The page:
Only 18 months ago, the National Basketball League (NBL) was in crisis- no national sponsors, no TV deals, very little revenue and big named Australian players leaving for international competitions. The new general manager of the NBL, Jeremy Loeliger reveals how the national competition picked itself up, got its head in the game and made the brand more compelling.
Back in the late 80s and early 90s, the NBL didn’t rely on marketing at all. According to Leoglier: “Basketball in Australia didn’t need to market itself because you had the Michael Jordan and Magic Johnson era unfolding in the US. The NBL was basically riding on the coat tails of Space Jam and the US’s National Basketball Association (NBA).
“But all of a sudden you had that generations of heroes retire and that coincided with the other front line sports starting to really ramp up their marketing initiatives. From there it was a downward spiral- the NBL struggled to maintain audiences, commercial revenue dried up and marketing budgets decreased.”
When Loeliger took over the top job at the NBL in July 2015, he was bestowed a national sporting league in complete shambles: “A year ago we didn’t have a product. The NBL was that broken.”
“When we took over the League there was no TV deal, no national sponsors and there was essentially no revenue coming into the NBL.” In July 2015, Melbourne developer Larry Kestelman acquired the majority of the NBL, and appointed Loeliger as the general manager, they had huge challenges ahead.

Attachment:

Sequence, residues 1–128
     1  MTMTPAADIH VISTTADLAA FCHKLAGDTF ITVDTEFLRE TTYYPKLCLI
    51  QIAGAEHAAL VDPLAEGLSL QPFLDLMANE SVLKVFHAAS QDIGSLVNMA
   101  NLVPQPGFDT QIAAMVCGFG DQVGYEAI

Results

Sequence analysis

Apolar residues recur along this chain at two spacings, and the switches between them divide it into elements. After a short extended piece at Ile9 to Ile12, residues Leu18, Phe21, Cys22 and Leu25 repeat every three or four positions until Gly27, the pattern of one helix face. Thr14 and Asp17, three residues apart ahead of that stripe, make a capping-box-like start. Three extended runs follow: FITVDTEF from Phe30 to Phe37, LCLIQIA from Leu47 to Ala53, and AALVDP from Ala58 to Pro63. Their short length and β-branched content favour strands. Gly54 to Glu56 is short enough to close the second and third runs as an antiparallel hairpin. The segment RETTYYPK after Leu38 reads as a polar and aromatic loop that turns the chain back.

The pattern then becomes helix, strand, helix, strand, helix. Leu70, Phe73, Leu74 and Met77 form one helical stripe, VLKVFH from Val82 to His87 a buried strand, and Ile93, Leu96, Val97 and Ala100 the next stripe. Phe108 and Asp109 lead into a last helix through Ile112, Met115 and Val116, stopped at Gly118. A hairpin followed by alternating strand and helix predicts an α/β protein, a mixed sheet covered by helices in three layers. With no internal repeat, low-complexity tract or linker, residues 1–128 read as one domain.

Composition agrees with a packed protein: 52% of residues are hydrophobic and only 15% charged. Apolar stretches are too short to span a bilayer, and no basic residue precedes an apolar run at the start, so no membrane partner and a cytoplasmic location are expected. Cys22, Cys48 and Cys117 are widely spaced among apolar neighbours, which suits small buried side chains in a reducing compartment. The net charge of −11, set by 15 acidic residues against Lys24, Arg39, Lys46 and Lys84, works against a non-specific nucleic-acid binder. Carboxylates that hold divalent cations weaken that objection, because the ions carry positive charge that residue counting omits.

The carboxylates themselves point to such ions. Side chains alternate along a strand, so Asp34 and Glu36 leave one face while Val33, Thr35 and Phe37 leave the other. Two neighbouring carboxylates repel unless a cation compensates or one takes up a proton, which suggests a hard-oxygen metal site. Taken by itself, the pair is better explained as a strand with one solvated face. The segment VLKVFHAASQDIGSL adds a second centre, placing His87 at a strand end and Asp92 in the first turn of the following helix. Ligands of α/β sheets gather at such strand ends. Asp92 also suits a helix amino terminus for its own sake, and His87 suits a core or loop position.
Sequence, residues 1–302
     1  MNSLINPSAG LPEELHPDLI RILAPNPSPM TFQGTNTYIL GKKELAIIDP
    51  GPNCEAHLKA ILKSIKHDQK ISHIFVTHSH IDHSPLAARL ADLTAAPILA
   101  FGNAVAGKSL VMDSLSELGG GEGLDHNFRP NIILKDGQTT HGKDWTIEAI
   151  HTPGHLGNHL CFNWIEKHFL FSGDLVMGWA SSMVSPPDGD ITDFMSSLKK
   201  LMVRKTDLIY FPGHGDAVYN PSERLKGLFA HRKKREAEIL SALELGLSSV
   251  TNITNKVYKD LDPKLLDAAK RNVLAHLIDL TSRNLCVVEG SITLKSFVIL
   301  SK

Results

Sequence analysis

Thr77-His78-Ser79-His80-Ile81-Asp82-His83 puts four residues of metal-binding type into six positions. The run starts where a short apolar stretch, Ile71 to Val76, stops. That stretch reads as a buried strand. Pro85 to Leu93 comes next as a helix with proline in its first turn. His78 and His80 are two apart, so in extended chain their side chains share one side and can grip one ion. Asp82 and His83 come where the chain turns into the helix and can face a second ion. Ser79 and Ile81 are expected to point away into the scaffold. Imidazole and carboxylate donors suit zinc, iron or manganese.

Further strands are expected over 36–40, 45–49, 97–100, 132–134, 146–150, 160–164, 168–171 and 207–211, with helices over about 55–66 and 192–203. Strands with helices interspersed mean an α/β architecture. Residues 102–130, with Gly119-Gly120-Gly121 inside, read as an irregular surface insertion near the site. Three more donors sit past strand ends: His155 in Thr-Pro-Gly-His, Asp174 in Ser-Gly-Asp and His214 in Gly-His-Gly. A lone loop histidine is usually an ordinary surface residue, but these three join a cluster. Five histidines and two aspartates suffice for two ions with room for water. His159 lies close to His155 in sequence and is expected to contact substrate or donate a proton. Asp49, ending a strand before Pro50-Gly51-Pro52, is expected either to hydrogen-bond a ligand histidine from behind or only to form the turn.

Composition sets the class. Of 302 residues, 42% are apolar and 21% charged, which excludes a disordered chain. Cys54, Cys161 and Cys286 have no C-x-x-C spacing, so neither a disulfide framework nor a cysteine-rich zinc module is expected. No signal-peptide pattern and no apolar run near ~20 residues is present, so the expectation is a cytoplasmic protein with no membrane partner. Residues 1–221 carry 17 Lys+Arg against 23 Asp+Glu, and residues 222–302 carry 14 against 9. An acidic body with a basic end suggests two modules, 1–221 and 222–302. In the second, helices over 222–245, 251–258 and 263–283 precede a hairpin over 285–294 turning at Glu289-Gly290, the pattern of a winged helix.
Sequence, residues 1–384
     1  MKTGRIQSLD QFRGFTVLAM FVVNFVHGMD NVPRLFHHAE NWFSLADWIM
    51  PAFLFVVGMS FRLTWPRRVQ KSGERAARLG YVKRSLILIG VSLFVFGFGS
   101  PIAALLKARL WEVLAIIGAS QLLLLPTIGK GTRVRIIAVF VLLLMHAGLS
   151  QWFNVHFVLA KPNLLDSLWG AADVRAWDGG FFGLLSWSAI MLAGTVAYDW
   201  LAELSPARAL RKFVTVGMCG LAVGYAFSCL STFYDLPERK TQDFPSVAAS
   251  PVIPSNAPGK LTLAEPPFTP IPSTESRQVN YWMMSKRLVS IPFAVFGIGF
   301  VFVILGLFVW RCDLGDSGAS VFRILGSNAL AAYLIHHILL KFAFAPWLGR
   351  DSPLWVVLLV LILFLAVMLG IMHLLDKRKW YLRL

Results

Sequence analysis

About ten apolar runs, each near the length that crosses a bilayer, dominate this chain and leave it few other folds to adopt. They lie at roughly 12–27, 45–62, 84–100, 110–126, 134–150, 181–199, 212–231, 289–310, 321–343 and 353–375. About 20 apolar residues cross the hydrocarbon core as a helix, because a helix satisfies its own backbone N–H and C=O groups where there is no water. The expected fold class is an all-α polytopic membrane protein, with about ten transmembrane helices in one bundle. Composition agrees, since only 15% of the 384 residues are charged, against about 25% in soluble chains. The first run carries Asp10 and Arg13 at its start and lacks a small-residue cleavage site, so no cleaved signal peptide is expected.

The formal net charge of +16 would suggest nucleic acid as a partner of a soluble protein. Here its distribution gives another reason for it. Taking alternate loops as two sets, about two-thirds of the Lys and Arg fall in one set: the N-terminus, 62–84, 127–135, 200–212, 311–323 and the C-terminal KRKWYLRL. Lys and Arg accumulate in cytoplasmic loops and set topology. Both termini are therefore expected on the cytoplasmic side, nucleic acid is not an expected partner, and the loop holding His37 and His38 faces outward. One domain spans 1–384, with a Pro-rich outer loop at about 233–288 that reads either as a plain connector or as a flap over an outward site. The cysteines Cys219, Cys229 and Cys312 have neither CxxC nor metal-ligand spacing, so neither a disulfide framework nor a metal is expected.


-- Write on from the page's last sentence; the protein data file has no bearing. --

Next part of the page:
“We were trading at the time on nothing but our reputations and our promises that we would deliver a great product over the course of the next season. When we were talking to commercial partners, from a sponsorship perspective, we couldn’t even say whether or not we were going to be on TV. We couldn’t say that it was a great product and attendances were going to be strong, because there was nothing there to demonstrate that would be the case.
“Now we’ve got around 24 national sponsors, every game is shown live on TV in prime time five days a week and we now have an operating budget 10 times what it was before we took over. The NBL has an entirely new work force, with the exception of two people, plus we’ve relocated the business from Sydney to Melbourne.”
So how did Loeliger and the refreshed NBL employees achieve all this in such a short amount of time? Find out during his presentation at the Ministry of Sports Marketing conference. Loeliger will be speaking alongside some amazing international speakers like: Nike Golf global senior brand director, John Hess; leading US sports agent Kelli Masters and World Rugby head of broadcast, commercial and marketing Murry Barnett.
There is also fantastic local speakers like: Rebekah Horne, chief digital officer at the NRL; the new general manager of the NBL, Jeremy Loeliger; chief digital officer at Seven West Media, Clive Dickens and CEO of Bastion Collective Marketing ANZ, Jack Watts.
Plus more to be announced! Check out the program for the big day here. Use the code BANDT to save $100 on tickets. Offer ends at 5pm 8th July 2016.
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